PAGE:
It was only last October at a rally in Charlotte that Harris stood side by side with and spoke eloquently of Donald Trump, who reciprocated with a hearty endorsement. When asked about this latest scandal, Trump quickly deflected to what he has said are Democrat-orchestrated voting irregularities. He also resorted to the “both sides” rhetoric that marked his response to the white nationalist and neo-Nazi marches in Charlottesville, Virginia, that resulted in the murder of counterprotester Heather Heyer.

It’s about what you would expect from a president whose Presidential Advisory Commission on Election Integrity, searching for folks putting on hats and fake noses to vote as different people and all the “illegals” who supposedly gave Hillary Clinton her popular vote win in 2016, was disbanded for lack of evidence of any such thing.

In another astonishing example of “Who do you believe, me or your lying eyes?” Sen. Mitch McConnell of Kentucky said the North Carolina case was proof that the GOP’s cries of voter fraud were true after all. However, McConnell failed to mention that the impersonation craziness Republican-sponsored voter ID bills would stop hardly ever happens, while absentee ballot shenanigans, far easier to pull off, are mostly untouched by the GOP.

Not even the wily Senate majority leader was able to pull off that jiujitsu move.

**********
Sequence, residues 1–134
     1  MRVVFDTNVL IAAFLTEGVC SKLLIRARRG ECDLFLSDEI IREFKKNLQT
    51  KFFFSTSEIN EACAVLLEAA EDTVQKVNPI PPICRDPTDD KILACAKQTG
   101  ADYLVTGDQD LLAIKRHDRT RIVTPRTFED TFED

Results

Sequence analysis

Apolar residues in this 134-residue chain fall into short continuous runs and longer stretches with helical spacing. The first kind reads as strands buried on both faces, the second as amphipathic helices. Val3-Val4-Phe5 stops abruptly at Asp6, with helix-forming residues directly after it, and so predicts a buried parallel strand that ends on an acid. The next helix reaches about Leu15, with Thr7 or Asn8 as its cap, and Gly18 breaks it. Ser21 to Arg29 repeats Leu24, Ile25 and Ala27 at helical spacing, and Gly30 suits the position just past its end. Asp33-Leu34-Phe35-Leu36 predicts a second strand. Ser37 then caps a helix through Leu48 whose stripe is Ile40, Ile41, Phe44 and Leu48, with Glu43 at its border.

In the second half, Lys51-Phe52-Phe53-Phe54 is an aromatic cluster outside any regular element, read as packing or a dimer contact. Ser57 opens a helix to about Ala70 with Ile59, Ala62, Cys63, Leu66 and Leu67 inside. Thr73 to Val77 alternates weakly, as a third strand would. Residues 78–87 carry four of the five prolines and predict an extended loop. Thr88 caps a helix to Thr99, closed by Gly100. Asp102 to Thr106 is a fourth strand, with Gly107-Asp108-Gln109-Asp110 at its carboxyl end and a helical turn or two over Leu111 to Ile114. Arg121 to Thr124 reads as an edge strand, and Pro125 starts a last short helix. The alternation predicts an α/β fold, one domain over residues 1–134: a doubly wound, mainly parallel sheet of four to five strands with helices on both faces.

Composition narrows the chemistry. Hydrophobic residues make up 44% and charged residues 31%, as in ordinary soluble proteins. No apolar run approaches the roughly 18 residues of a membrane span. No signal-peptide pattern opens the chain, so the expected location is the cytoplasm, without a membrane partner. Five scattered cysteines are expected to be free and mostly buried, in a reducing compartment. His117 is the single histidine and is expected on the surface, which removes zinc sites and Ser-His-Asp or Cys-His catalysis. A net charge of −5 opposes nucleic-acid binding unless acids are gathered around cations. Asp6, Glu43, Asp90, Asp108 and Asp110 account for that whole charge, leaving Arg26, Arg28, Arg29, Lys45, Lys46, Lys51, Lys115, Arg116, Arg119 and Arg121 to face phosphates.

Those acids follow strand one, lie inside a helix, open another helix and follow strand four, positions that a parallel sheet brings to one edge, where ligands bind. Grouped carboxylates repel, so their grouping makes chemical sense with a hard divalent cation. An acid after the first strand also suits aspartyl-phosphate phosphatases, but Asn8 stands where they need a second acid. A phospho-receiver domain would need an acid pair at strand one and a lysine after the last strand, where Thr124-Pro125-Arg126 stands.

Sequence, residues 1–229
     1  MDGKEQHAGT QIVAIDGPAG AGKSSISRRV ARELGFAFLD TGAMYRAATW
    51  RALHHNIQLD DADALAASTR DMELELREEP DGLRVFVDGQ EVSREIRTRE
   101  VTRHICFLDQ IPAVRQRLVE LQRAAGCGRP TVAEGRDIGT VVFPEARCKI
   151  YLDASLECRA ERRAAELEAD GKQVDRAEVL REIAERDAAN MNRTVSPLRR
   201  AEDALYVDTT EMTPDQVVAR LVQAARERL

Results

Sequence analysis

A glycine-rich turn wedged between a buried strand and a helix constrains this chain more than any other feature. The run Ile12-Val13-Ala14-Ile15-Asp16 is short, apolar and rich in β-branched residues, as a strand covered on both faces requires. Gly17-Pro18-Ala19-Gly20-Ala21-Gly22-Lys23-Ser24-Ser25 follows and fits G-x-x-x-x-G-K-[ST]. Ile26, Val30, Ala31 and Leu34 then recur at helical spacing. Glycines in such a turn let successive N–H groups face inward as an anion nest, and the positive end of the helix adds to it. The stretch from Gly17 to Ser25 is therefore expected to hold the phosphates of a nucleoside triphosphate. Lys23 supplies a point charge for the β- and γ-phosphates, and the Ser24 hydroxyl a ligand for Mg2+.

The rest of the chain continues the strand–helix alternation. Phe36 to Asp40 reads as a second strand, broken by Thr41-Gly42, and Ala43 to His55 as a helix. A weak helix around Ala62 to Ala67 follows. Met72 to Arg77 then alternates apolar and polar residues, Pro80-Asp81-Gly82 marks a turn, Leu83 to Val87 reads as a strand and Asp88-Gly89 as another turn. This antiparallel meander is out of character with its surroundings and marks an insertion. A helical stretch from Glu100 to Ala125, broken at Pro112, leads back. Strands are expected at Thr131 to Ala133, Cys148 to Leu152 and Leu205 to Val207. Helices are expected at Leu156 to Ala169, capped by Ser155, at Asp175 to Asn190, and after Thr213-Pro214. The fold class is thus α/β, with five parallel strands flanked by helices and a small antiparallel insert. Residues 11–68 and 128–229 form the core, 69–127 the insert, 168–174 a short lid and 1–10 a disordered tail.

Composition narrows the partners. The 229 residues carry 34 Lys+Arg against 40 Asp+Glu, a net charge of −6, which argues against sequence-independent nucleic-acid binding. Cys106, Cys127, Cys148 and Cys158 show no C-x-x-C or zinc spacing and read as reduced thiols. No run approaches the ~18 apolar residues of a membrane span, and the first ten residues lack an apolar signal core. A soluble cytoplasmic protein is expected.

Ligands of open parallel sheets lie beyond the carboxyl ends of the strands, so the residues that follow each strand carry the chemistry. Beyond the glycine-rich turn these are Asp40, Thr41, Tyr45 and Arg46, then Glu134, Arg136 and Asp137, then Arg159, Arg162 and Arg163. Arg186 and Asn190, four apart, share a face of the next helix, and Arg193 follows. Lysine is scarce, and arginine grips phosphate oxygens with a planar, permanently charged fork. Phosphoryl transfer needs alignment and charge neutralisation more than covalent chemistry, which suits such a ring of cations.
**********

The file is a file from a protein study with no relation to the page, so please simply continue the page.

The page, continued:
If Republicans in Washington were serious about the issue, they would engage in a debate on the first bill proposed by House Democrats this session, which takes up anti-corruption and ethics reform and voting rights provisions. But McConnell has said: “That’s not going to go anywhere.”

Approaching redo

Back in North Carolina, you would think the expected scrutiny would be incentive enough to run a squeaky clean new race, or to lead to a temporary end to toxic ends-justify-the-means electioneering.

So what is happening next?

Democrat McCready, as expected, is running again; his campaign and the DNC are reaching out to donors inside and outside the state. “It’s about our democracy. That’s why we’re still fighting,” he tweeted.

In the GOP primary, Harris has endorsed Stony Rushing, a county commissioner in Union County, a socially conservative Republican stronghold. Rushing, who has proved to be a huge vote-getter in Union, is the owner of Take Aim Training Range, across the border in South Carolina, which offers classes and sells firearms. On his Facebook page, under an American flag, he posted: “Dan McCready and his establishment friends just threw ALL of our ballots in the Trash! What are We Going to Do About IT?”

Expect more Republicans to join the fray, though Robert Pittenger, the former congressman beaten by Harris in their GOP primary last year (also under suspicious, though as yet unproven circumstances) has said he’s not interested.

Can you blame him?

Mary C. Curtis has worked at The New York Times, The Baltimore Sun, The Charlotte Observer and as national correspondent for Politics Daily. Follow her on Twitter @mcurtisnc3.

Get breaking news alerts and more from Roll Call on your iPhone or your Android.